Have any of you guys made the switch to commuting by bike, or just ditching your car in favour of your bike in general? If not and if you hope to do so, maybe you’ll find inspiration in Australian vlogger Cycling Maven, who puts out daily videos on his cycling-centred lifestyle – highly recommended!


  1. Love all the activity on your blog this past week!
    Hope you can keep it up for 2016

    I see you don’t have a mudgaurd, how do you deal with that?

    Greetings from Antwerp!

    1. Robin,

      Thanks, man! Really appreciate you saying that. I’m going to try and write more like I used to in the past. So stay tuned. 🙂

      Currently I don’t use mudguards, but it’s starting to become a hassle to clean my bike after every ride. I’m looking into something like the SKS Race blades which are clip-on clip-off. Another option would be to purchase a cyclo cross bike, but that’s another €2,000 luxury spending on bikes.

      Cheers and enjoy New Year’s eve in Antwerp,

  2. Pretty impressive results so far, especially since you plan on increasing how many times you bike to work. My wife had a similar plan for the spring and summer months but I think you can count the number of times she biked to work on two hands, it was always a bit too cold or rainy for her 😉

    1. DAC,

      Even with the increase of days it’s still a pretty good deal if you ask me. At the current rate I think it’ll take a little over two years to recuperate all my expenses. Boosting my cycling to five days a week will shorten that time significantly.

      Too bad you’re wife didn’t see her effort through! How many kilometers does she have to commute to work? Maybe buy her some specialty clothing? 😉


      1. Her commute is around 24km a day, including a long bridge. One of the reasons she doesn’t do it often is because she doesn’t want to arrive all sweaty at work, and also because of the extra time it takes vs taking the car.

        1. DAC,

          I can understand that if she doesn’t have a shower at her disposal and when you have to run a family in the morning. 🙂 That’s why I asked to install a shower and locker room so I can freshen up before starting work.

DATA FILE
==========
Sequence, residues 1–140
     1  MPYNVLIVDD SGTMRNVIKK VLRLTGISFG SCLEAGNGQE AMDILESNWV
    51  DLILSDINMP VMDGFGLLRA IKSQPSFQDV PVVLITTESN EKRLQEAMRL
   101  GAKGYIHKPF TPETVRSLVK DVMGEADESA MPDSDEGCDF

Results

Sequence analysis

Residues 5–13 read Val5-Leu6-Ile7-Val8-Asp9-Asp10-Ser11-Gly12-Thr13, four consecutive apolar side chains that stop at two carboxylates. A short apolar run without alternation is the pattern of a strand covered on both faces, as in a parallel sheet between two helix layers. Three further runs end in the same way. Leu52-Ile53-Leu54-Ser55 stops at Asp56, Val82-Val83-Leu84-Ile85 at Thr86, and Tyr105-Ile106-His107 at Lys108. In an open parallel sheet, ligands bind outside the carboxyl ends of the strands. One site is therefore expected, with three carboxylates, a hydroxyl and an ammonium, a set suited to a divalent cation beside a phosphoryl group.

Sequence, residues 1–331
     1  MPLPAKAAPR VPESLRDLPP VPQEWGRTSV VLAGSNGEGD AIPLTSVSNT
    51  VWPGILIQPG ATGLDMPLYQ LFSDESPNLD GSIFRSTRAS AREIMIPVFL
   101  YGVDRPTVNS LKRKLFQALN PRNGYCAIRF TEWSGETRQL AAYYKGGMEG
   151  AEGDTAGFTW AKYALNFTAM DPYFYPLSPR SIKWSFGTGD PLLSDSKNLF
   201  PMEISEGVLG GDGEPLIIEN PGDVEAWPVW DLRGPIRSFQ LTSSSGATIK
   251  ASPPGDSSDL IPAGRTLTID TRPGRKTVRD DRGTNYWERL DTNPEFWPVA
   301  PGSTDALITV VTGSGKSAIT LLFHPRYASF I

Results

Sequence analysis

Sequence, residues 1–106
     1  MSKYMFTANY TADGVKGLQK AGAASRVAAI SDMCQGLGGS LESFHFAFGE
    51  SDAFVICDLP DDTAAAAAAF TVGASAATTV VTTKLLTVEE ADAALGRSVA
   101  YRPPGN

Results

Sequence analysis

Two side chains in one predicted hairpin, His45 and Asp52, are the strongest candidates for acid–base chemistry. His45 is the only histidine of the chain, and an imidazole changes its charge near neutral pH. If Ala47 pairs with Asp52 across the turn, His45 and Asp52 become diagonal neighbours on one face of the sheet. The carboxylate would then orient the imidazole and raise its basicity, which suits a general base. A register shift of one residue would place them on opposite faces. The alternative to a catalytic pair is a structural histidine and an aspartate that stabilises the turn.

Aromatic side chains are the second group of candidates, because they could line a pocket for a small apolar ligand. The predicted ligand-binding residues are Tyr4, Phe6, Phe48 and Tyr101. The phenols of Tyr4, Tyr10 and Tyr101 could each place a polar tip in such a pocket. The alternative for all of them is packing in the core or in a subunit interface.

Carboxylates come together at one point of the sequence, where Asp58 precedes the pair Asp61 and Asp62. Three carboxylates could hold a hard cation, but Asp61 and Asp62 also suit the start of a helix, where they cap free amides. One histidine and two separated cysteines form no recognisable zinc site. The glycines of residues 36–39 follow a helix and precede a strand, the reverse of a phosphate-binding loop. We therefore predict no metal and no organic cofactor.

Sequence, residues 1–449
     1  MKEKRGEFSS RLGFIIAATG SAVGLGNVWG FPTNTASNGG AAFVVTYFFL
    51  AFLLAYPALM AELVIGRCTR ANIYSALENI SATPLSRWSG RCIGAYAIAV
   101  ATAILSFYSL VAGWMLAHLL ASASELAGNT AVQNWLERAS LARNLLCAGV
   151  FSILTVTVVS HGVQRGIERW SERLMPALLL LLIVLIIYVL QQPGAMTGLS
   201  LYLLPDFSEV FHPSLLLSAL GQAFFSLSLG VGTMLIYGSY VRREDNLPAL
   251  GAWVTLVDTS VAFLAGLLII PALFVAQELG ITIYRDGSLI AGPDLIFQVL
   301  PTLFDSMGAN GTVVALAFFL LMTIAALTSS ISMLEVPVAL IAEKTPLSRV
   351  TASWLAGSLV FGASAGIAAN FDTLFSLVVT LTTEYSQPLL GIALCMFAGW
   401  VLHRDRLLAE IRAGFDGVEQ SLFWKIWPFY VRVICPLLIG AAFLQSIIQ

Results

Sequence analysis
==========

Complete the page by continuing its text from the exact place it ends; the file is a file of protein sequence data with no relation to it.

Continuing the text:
My commute by bike is actually shorter than by train, but I also bike at 30+ kph on average.

          Best wishes,

  3. NMW!

    Those are some awesome results, well done! I didn’t realise bikes cost so much on maintenance, but you’re getting a positive cash flow every month from cycling, which is a massive win!

    Now that I’ve moved to Spain, I’m going to start getting into cycling in general, as well as cycling to work – something which would have been impossible for me back in the UK. My office is about 10 km from home, but it’s mostly mountainous terrain, so I’m not sure how long it’ll take me. Guess that rules out a road bike!

    I can’t wait to start experiencing the health (and wallet!!) benefits of cycling!!

    Ps. Happy new year!

    1. DL,

      Don’t worry, your standard city bike won’t nearly cost you as much on maintenance. It’s just that I’m riding a proper road bike with expensive components (Shimano Ultegra), which go for lightness over pure durability like normal bikes do. The cash flow is slowly starting to become positive though now that I’ve got al basic tools and clothing!

      If by “mountaineous terrain” you mean dirt roads you should invest in a mountain bike, otherwise I’d highly recommend a road bike. My commute to work also contains over 200m of elevation and a light bike definitely helps keeping your speed up. 10km would only take me 20 minutes at most!

      Good luck biking to work! I’m super jealous of the awesome weather you’ll be enjoying there!

      Best of luck,

  4. Awesome investment! A return period of about 1.5 years on a bike + expenses is very good.

    Unfortunately, neither of our employers pays for a bike ride. However, Mrs CF gets a public transportation card and Mr. CF has a company car, both are free of charge (the latter only when used for business purposes, which we do), therefore our commuting cost are extremely cheap at €0,0!